Obama tries to woo women of Colorado

Poll shows Romney up by 5 percent with all voters

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DENVER — After sweeping Colorado voters off their feet en route to a rousing victory in 2008, President Obama is suddenly finding those same voters playing hard to get.

Polls show that, despite spending enough time at altitude to qualify for in-state tuition, the president has been stuck for months in a virtual dead heat with Republican Mitt Romney. A Quinnipiac University survey released Wednesday showed the presumptive GOP nominee actually leading the president in Colorado, 50 percent to 45 percent.

So Mr. Obama played his ace here Wednesday, kicking off a two-day swing through four Colorado cities with a rally trumpeting women’s health care. Speaking at the downtown Auraria Campus, Mr. Obama told a predominantly female crowd of about 3,000 that the 2012 election presents an especially stark choice for women.

“When it comes to a woman’s right to make her own health care choices, they want to take us back to the policies more suited to the 1950s than the 21st century,” said Mr. Obama, speaking at a podium with the sign, “Women’s Health Security.” “And, Colorado, you’ve got to make sure it does not happen.”

The president was introduced by Sandra Fluke, the now-graduated Georgetown University law student who gained national attention after radio commentator Rush Limbaugh mockingly called her a “slut” for her advocacy on behalf of government-funded birth control.

“We must remember that we have a candidate, President Obama, who understands the importance of women getting access to the care they need when they need it,” Miss Fluke said. “And we must remember we have another candidate, Mr. Romney, who wants to take all of that away.”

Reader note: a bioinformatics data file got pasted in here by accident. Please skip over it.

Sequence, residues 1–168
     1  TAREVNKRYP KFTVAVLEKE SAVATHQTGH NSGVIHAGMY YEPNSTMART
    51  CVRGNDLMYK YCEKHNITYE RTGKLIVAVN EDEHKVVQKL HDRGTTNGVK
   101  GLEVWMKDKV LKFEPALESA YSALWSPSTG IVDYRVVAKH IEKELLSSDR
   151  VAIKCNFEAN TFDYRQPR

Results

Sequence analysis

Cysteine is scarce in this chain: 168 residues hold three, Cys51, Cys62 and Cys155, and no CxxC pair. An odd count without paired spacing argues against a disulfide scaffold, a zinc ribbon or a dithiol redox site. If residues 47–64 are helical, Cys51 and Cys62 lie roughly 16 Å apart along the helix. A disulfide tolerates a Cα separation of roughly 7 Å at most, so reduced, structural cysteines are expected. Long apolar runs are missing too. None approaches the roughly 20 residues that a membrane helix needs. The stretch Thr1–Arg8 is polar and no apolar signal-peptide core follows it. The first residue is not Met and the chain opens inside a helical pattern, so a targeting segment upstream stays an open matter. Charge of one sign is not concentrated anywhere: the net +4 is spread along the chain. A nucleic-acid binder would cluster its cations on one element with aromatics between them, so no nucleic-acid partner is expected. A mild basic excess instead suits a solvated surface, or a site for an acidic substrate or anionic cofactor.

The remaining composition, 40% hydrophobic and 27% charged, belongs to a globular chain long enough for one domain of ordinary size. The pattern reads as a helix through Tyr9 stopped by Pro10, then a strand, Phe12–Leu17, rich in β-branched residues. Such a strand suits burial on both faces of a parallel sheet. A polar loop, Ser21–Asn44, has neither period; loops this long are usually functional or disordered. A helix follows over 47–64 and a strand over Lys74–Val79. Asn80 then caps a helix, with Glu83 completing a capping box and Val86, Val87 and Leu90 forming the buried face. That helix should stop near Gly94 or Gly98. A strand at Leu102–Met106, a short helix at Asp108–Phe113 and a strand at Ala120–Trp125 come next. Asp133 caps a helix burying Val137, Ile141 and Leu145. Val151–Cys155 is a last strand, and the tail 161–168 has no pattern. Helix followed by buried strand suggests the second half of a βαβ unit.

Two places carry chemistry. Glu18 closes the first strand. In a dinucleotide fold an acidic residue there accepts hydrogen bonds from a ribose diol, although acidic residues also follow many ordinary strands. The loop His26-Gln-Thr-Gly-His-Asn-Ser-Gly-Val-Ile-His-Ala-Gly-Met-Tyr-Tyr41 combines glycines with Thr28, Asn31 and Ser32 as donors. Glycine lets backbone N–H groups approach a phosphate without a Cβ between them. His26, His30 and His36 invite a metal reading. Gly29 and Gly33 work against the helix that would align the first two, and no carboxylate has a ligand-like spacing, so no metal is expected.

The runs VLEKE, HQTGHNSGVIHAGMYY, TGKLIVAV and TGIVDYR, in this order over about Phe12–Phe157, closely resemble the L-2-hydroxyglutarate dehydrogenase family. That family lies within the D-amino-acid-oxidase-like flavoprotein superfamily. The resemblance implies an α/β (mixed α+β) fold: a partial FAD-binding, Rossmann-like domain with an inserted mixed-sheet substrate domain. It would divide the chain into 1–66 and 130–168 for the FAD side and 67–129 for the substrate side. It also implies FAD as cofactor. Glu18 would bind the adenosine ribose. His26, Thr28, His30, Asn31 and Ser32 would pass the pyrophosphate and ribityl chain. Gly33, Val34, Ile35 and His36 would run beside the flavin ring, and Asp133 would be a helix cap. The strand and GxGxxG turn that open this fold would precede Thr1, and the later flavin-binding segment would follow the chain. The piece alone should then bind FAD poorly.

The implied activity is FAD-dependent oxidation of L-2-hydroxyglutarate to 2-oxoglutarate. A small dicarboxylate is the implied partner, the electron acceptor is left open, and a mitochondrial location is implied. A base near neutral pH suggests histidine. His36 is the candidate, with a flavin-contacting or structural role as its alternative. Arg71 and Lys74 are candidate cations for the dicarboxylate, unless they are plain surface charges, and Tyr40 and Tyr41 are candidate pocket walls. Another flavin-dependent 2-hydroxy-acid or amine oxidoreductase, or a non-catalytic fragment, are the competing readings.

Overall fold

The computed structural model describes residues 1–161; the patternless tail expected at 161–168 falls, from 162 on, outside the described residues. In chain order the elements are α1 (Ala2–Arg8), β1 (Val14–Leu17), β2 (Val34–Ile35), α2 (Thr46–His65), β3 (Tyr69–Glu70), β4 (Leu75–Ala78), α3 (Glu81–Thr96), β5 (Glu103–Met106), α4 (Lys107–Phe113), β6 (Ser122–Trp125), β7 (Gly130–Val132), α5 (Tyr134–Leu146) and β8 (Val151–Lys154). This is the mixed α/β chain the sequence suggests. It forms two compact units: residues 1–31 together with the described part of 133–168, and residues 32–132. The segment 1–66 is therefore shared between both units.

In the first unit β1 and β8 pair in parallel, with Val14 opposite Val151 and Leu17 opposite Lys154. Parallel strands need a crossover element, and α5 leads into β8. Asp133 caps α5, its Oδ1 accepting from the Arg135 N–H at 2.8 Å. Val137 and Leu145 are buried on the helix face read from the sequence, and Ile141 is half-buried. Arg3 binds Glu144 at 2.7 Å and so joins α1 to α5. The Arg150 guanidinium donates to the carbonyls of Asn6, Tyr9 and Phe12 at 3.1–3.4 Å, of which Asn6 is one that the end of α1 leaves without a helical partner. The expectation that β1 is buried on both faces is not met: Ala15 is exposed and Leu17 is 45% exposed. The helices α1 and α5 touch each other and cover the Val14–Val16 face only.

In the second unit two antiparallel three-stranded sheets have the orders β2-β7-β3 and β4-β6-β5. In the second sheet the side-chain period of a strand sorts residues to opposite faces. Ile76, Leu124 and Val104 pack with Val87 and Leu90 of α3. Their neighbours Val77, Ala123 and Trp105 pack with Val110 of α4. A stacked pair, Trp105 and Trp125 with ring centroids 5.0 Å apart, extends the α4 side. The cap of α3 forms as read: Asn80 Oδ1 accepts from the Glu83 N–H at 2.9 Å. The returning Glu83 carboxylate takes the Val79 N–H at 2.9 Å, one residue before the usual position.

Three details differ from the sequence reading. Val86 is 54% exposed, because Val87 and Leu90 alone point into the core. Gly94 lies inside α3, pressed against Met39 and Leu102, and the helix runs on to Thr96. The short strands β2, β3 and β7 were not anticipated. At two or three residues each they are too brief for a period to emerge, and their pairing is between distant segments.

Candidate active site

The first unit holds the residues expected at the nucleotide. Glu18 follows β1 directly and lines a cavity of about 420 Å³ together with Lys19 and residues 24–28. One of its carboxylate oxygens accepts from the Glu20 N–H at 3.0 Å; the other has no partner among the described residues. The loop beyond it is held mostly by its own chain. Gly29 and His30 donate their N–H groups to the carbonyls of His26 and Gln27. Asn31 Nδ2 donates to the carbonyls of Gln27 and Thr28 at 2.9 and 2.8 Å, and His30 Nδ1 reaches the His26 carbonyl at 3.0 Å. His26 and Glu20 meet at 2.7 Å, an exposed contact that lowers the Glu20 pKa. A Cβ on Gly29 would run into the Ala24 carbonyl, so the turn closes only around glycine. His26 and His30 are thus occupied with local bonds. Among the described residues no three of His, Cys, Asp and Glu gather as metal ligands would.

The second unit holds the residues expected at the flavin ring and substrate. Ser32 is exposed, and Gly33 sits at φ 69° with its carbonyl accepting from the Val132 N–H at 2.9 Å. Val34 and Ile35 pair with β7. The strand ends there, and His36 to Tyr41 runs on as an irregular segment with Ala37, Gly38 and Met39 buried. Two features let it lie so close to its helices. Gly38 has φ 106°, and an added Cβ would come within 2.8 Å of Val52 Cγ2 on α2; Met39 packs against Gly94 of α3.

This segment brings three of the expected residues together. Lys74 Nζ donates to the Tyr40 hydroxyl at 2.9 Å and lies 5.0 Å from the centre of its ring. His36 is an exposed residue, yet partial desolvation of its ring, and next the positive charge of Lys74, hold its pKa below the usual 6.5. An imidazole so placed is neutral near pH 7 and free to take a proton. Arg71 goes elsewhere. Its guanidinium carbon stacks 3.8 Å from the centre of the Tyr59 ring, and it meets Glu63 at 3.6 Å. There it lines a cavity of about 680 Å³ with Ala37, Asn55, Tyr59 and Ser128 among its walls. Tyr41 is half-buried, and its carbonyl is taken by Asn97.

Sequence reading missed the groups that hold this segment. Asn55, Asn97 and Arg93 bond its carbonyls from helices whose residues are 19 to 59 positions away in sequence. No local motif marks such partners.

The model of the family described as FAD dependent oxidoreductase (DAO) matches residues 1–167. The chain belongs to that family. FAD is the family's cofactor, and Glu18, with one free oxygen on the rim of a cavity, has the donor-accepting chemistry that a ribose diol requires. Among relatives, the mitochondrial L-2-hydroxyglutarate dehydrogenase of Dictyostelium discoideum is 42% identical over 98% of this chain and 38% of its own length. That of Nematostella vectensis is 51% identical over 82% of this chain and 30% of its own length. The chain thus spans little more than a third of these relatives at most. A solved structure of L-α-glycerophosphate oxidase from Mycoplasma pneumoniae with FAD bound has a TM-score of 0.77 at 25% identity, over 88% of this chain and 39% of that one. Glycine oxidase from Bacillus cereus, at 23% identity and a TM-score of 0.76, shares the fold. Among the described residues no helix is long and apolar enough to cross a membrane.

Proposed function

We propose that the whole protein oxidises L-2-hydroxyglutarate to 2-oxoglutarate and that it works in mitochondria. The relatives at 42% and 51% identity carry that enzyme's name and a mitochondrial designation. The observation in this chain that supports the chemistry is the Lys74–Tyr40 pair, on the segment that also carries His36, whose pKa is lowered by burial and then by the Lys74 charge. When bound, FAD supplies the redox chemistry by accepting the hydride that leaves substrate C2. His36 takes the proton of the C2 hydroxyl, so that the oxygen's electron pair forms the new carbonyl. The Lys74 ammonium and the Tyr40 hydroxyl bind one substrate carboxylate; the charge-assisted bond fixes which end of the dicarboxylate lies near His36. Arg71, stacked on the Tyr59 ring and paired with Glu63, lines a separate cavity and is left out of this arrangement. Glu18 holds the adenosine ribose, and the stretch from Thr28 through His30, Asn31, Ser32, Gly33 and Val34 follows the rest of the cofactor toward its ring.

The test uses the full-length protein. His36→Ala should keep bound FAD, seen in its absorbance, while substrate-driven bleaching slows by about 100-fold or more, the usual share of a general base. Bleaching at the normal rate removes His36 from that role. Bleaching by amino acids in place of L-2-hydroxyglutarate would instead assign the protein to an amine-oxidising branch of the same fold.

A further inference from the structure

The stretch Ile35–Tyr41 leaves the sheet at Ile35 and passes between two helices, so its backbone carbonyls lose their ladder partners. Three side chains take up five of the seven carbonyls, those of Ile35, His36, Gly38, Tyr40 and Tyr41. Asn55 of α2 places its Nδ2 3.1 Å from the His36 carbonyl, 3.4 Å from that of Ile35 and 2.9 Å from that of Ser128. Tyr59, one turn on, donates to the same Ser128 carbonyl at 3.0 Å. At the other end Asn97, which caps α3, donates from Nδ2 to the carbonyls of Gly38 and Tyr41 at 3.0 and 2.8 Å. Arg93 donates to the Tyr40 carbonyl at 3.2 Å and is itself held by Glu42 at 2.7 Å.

The “war on women” strategy was an effective one for Colorado Democrats in 2010, helping Democratic Sen. Michael F. Bennet stave off a challenge from Republican Ken Buck in an otherwise strong GOP election year.

“Democrats have been arguing that there’s a ‘war against women’ in the Republican Party, and [Mr. Obama] wants to exploit that as much as possible,” said Denver pollster Floyd Ciruli.

What may have changed in Colorado since 2010 is the rise of conservative women’s voices.

Debbie Brown, a former state Republican campaign strategist, launched the Colorado Women’s Alliance last year in an effort to counter the prevailing view of what constitutes women’s issues.

Her group released on Tuesday the results of two focus group studies, conducted by Magellan Strategies, showing that Colorado women are more concerned about jobs and the economy than with government-paid contraception and abortion.

“I think a good job would cover $7 per month’s worth of birth control,” quipped Mrs. Brown after hearing the president’s speech.

She pointed to poll results indicating that the gender gap is smaller in Colorado than in other swing states. The Quinnipiac numbers released Wednesday showed a difference of 8 percentage points between male and female voters in Colorado, as opposed to a 14-point difference in Florida and a 23-point difference in Wisconsin.

“One thing our focus groups showed was that women are already feeling that government-controlled health care isn’t going to benefit them,” said Mrs. Brown. “Women are already feeling that the lines at the doctor’s office are getting longer, that costs are escalating, that their doctors are already leaving. Despite the large promises, women aren’t buying it.”

The Romney camp sent a high-powered cast of surrogates, led by Republican Sen. Rob Portman of Ohio, on a six-stop Colorado bus tour Wednesday to counter the Obama message. Mr. Portman was joined by Louisiana Gov. Bobby Jindal, Utah Rep. Jason Chaffetz, Colorado Rep. Cory Gardner and former Colorado Rep. Bob Beauprez.

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